About two kilometers from shore, Hyatt Reef doesn’t get too crowded. So once again, we’ll be taking a boat. The peak can be a bit shifty and it needs a high tide and good swell to realize its full potential. Low tide can cause it to section and break on the shallow reef, but on a good day, it’s as good as anywhere. And thankfully, good days are common in Bali. We’ll want to get here early to catch some of those juicy waves before the wind hits it.
TANJUNGS OR TANJUNG SARI
Another break along the outer reef of Sanur, Tanjungs provides both a left and right that work much like Sanur. It needs a mid to high tide and some swell. You won’t get much here on small days, but with a little size, you’re in for a real treat. Wear booties.
Not known for much surf, Ketewel can surprise you on any given day. Watch out; though most of the beaches here are sandy, huge rocks jut out up and down the coast in this area and may lurk just beneath the surface. We recommend only surfing Ketewel with a local guide who knows the area. Since this is our home break, we know all the ins and outs and can get you to several amazing and fairly unknown spots where you are likely to be among the only surfers out.
A legendary, world-class wave, Keramas can be both friendly and powerful. It generally depends on the conditions, but your trip to Bali wouldn’t be complete without an early morning sesh at Keramas. It’s difficult to predict the winds here as they seem to have a mind of their own so dawn patrol is your best bet. Many surfers leave Keramas with claims of having surfed the best waves of their life.
For many years, Keramas was a secret among locals so any session here was with few others; however, an Australian surfer recently “negotiated” through Bali’s very strict beach building code and has built a hotel smack dab in front of the takeoff zone. The hotel seems nice, but surfing here alone will likely never happen again. Fortunately, on a good day, the lineup will be spread out enough to provide everyone with their fill of surf.
Keramas has a shallow reef and a pretty fast takeoff so we recommend intermediate and expert surfers only attempt this wave. If you fall into that category, then Keramas is truly a wave to get excited about.
Across the open ocean from Sanur are the islands of Nusa Lembongan, Ceningan and Nusa Penida. With several breaks along the west side of the island, Nusa Lembongan can be a day trip or an over-nighter. We’ll discuss the time of year you’ll be coming to Bali and decide together if it’s a trip you would like to take. Even if there is no surf, Nusa Lembongan is a beautiful, sleepy tropical island with great diving and snorkeling. If conditions are right, however, the surf is definitely worth the trip.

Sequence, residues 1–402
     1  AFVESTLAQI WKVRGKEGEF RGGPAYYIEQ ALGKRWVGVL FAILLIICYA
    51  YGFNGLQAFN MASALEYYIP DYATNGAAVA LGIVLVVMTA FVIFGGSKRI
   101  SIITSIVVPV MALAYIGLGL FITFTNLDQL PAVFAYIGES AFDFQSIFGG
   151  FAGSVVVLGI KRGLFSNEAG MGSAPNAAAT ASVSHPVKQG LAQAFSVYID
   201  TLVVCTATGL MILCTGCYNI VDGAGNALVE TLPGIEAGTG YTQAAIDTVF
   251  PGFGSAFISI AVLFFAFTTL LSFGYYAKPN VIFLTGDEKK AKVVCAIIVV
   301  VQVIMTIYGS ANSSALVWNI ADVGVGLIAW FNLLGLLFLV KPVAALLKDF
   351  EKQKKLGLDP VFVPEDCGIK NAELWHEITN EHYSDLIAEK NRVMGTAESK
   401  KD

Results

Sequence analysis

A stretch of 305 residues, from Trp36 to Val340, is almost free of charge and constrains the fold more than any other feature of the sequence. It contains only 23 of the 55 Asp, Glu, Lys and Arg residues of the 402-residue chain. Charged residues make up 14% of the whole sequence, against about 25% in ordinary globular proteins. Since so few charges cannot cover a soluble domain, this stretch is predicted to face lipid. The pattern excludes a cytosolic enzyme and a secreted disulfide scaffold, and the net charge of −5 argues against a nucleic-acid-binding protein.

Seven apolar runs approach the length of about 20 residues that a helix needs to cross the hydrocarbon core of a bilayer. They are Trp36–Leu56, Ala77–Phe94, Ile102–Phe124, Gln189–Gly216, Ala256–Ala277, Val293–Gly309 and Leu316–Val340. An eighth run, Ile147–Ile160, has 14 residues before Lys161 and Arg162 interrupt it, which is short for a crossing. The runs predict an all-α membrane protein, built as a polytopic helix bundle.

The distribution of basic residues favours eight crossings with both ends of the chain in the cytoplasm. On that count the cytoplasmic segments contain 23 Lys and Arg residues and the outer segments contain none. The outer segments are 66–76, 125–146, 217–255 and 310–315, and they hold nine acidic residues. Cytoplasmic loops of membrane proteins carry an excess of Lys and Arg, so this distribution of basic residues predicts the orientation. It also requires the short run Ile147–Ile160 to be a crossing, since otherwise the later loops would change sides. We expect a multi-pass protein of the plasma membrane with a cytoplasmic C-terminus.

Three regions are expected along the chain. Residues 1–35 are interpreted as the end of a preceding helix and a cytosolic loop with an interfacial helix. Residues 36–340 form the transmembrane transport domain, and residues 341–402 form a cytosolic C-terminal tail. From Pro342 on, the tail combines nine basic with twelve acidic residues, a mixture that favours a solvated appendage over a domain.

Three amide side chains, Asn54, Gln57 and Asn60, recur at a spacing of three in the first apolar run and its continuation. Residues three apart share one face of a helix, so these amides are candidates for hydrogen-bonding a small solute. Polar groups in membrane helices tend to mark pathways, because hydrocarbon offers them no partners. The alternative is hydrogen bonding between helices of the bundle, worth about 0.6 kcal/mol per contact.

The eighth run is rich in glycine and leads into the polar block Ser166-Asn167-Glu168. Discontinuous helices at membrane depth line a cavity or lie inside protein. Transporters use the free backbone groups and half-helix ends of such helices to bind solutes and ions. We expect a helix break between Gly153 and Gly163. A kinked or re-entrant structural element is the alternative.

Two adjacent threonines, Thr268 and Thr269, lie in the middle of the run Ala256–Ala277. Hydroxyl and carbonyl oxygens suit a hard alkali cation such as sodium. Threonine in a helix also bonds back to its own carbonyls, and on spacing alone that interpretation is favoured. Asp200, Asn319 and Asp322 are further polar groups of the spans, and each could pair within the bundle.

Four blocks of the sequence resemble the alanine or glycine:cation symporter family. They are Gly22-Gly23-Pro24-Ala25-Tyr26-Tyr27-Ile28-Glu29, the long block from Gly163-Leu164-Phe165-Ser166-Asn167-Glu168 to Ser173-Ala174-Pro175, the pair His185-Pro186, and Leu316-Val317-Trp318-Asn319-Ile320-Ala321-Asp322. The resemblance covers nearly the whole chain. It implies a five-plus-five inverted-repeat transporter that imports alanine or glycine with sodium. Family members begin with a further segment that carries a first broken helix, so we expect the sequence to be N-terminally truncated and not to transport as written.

This wave is suitable for all levels. It’s soft and very easy to surf. Be careful of the strong currents as they can make it difficult to maintain yourself in the right take off spot when a set comes in. Otherwise, you’ll get some long lefts and a few short rights.
Ideal at mid tide, Shipwreck is the best wave on the island. It’s a very reliable right hander that will get bigger with the tide. It’s typically a short, intense ride that can get sketchy on the inside due to the shallow reef. Again, watch the sucky current.
Here’ a shallow sharp reef which is aptly named. It can produce some excellent barrels, but don’t ride it too far as the inside can break over dry reef, especially at low tide. It’s fast, hollow and can produce some nice barrels. Experts only.
The next island over has a nice break for long boarders and those who like mellow surf. It’s a nice little island and can make for a beautiful vacation with the family.
Anyone who has considered coming to Bali knows about Uluwatu and its tricky and potentially dangerous entrance point. Uluwatu is a world-class left reef break with rides as long as 300 meters on good days and 150 meters on an average day. It almost always has waves and should be on every experienced surfer’s bucket list. We recommend that beginners do not surf Uluwatu and that even experienced surfers be careful negotiating the entrance and exit point over the sharp reef and through the cave.
Uluwatu has several peaks and is probably Bali’s most crowded wave, though we’ve caught it at times with only a handful of surfers. The Peak is the most consistent wave at Uluwatu and is just to the left of the cave. When it’s small it can close out. When it’s big, it can be pretty dicey, but oh those barrel rides!